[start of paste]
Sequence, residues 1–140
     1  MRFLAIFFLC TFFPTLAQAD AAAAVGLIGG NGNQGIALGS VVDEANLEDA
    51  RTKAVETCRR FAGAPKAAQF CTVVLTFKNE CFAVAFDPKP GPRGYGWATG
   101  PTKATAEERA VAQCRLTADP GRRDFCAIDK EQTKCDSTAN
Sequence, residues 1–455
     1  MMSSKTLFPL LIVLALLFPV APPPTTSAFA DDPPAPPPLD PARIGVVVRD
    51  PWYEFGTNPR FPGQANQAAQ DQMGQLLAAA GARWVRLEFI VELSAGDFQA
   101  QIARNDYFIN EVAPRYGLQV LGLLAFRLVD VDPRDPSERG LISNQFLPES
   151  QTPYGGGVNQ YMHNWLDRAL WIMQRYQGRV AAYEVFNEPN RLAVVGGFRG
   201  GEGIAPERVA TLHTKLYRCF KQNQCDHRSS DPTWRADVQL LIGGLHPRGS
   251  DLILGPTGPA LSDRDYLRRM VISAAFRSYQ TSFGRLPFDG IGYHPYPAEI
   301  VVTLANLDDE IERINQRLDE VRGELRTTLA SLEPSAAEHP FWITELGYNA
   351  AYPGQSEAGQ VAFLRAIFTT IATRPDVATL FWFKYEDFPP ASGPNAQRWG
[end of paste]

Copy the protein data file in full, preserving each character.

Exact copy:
Sequence, residues 1–140
     1  MRFLAIFFLC TFFPTLAQAD AAAAVGLIGG NGNQGIALGS VVDEANLEDA
    51  RTKAVETCRR FAGAPKAAQF CTVVLTFKNE CFAVAFDPKP GPRGYGWATG
   101  PTKATAEERA VAQCRLTADP GRRDFCAIDK EQTKCDSTAN
Sequence, residues 1–455
     1  MMSSKTLFPL LIVLALLFPV APPPTTSAFA DDPPAPPPLD PARIGVVVRD
    51  PWYEFGTNPR FPGQANQAAQ DQMGQLLAAA GARWVRLEFI VELSAGDFQA
   101  QIARNDYFIN EVAPRYGLQV LGLLAFRLVD VDPRDPSERG LISNQFLPES
   151  QTPYGGGVNQ YMHNWLDRAL WIMQRYQGRV AAYEVFNEPN RLAVVGGFRG
   201  GEGIAPERVA TLHTKLYRCF KQNQCDHRSS DPTWRADVQL LIGGLHPRGS
   251  DLILGPTGPA LSDRDYLRRM VISAAFRSYQ TSFGRLPFDG IGYHPYPAEI
   301  VVTLANLDDE IERINQRLDE VRGELRTTLA SLEPSAAEHP FWITELGYNA
   351  AYPGQSEAGQ VAFLRAIFTT IATRPDVATL FWFKYEDFPP ASGPNAQRWG